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Title: Validation of a water-load protocol to define the pattern of bladder sensation.
Authors: Medina Lucena, H
Tincello, DG
First Published: 18-Aug-2018
Publisher: Springer Verlag
Citation: International Urogynecology Journal, (2019) 30: 767.
Abstract: INTRODUCTION AND HYPOTHESIS: The aim of this study was to confirm reliability of a water-load diuresis protocol and to assess the utility of bladder sensation curves. METHODS: For confirmation of fixed diuresis rate (phase 1), 12 volunteers consumed 250-300 ml of water every 15 min and recorded bladder sensation on a visual analogue scale (VAS) every 5 min to maximum sensation over two filling cycles: voids 1 and 2 (V1 and V2). The test was performed twice. For test-retest validation (phase 2), 24 participants underwent the same protocol drinking 300 ml of water every 15 min. Diuresis rates and voided volumes were compared between cycles and across tests. RESULTS: In phase 1, there was no difference in median void volume (V1 735 ml, V2 678 ml p = 0.433) or median diuresis rates (V2 12.1 ml/min, V3 14.4 ml/min p = 0.136) between cycles. When comparing those who drank 250-300 ml/15 min, there was less variability in those drinking 300-ml aliquots, so this was standardised for later experiments; 95% upper confidence limit of variability of the diuresis rate was calculated as 4.5 ml/min. Any test with a greater difference was rejected as invalid. In phase 2, only 16 participants were analysed. There was no difference in median void volumes between tests [V1 763 ml and 820 ml (p = 0.109) and V2 788 ml and 796 ml (p = 0.266)] or in diuresis rates between test 1 (12.33 ml/min) and 2 (14.40 ml/min) (p = 0.056). Median area under the curve was similar between test 1 404.96 and test 2 418.63. CONCLUSIONS: This refined protocol reliably produced stable diuresis with a water load of 300 ml/15 min, excluding those with a difference in diuresis rate > 4.5 ml/min.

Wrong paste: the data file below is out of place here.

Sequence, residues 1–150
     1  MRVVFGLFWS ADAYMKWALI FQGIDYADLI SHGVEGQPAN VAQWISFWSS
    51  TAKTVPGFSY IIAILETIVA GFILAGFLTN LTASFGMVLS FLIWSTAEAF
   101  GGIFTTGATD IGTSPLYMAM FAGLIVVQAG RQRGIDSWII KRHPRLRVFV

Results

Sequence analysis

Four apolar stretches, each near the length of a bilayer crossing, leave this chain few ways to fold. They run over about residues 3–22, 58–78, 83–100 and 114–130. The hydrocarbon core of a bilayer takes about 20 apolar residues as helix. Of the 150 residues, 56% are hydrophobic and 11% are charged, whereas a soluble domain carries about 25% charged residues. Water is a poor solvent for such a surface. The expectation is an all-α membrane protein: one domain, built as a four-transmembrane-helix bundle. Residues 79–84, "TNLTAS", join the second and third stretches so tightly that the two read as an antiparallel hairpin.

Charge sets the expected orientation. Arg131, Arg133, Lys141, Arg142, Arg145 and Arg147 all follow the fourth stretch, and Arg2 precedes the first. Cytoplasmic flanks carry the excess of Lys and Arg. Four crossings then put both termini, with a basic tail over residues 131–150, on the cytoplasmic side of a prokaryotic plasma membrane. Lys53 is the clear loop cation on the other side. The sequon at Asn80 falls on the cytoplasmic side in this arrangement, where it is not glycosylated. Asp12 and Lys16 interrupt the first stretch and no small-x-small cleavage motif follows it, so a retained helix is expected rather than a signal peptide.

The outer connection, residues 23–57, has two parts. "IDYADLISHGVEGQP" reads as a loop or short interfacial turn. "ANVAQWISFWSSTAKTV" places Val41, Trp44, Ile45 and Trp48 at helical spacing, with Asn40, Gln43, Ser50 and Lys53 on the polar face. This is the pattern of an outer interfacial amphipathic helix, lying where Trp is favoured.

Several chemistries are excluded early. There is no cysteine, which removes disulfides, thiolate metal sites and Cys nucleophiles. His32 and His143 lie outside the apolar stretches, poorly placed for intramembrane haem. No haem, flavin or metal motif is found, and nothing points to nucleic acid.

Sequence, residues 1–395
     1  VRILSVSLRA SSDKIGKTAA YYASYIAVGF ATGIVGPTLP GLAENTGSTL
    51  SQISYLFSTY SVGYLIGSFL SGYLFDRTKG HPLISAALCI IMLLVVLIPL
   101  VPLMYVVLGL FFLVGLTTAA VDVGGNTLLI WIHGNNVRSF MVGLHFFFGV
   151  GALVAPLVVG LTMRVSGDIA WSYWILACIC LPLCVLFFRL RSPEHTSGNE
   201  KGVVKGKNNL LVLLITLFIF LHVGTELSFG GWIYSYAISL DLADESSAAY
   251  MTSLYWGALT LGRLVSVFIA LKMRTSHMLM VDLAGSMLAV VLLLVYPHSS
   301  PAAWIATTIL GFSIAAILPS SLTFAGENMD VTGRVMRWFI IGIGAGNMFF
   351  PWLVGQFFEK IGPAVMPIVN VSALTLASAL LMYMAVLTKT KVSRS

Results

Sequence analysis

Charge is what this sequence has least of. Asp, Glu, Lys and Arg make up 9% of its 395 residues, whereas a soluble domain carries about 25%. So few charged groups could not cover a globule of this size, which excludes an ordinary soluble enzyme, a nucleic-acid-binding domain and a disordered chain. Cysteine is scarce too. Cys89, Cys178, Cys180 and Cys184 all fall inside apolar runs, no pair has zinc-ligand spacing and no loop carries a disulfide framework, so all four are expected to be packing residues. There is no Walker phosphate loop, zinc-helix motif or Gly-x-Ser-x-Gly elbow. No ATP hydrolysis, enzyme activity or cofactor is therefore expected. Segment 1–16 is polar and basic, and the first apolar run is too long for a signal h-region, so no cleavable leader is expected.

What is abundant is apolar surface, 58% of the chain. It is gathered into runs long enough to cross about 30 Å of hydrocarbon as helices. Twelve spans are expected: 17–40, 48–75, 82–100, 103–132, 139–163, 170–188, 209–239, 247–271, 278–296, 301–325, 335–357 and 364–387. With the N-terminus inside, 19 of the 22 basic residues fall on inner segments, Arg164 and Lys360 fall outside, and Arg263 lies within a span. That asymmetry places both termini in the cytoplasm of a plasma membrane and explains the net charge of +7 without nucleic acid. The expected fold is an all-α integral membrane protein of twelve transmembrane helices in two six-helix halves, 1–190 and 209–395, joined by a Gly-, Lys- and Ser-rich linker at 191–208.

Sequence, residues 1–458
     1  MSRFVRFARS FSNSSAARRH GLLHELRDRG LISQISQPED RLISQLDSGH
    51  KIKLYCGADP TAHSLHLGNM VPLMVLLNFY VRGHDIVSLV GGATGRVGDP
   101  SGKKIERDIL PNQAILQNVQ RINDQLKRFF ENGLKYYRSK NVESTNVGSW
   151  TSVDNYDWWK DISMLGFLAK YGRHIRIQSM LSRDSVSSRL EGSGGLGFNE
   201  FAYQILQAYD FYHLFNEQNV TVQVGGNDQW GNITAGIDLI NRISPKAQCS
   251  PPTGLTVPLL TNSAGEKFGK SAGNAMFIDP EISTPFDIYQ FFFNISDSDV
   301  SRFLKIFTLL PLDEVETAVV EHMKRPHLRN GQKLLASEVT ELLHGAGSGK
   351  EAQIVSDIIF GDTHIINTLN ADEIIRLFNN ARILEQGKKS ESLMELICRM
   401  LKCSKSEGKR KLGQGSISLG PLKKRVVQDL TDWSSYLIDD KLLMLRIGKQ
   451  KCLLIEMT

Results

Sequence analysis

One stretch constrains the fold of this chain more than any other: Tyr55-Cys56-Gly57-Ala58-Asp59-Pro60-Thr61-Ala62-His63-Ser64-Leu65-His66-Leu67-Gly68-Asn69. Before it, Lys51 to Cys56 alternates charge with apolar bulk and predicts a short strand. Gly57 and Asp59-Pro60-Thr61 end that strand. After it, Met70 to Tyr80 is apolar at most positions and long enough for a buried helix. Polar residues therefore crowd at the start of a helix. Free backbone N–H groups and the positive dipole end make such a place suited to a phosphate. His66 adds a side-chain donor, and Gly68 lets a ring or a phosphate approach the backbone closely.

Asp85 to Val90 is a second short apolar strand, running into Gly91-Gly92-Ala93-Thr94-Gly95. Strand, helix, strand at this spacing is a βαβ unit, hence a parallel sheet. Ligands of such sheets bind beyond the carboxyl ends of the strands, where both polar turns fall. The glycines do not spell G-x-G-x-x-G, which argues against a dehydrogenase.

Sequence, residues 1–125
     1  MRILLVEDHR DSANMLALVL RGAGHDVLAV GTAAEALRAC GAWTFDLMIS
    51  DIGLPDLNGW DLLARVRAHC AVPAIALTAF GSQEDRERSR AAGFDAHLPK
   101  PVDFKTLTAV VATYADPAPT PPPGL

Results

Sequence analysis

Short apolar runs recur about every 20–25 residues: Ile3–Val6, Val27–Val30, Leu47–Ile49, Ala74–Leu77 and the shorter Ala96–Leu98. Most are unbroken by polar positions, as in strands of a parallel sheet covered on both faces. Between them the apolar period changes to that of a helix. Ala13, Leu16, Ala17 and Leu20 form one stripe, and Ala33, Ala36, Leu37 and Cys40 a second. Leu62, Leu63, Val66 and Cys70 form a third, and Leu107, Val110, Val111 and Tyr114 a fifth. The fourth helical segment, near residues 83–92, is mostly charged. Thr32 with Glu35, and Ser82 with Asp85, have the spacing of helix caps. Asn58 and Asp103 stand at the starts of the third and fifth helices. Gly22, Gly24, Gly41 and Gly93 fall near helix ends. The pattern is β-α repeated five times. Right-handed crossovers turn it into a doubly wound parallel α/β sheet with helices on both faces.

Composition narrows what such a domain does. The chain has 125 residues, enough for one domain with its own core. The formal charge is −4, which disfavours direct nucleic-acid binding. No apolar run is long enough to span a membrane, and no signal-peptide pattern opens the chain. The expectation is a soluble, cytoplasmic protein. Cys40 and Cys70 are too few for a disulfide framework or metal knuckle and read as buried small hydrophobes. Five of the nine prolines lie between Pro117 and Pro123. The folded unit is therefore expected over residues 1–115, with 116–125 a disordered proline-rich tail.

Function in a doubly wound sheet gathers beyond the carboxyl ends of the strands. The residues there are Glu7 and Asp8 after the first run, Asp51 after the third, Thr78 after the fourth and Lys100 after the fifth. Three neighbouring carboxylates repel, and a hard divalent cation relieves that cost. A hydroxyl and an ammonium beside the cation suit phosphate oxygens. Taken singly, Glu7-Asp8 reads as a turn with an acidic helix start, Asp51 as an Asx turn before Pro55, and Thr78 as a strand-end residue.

DOI Link: 10.1007/s00192-018-3735-y
eISSN: 1433-3023
Version: Publisher Version
Status: Peer-reviewed
Type: Journal Article
Rights: Copyright © the authors, 2018. This is an open-access article distributed under the terms of the Creative Commons Attribution License (, which permits unrestricted use, distribution, and reproduction in any medium, provided the original author and source are credited.
Appears in Collections:Published Articles, Dept. of Health Sciences

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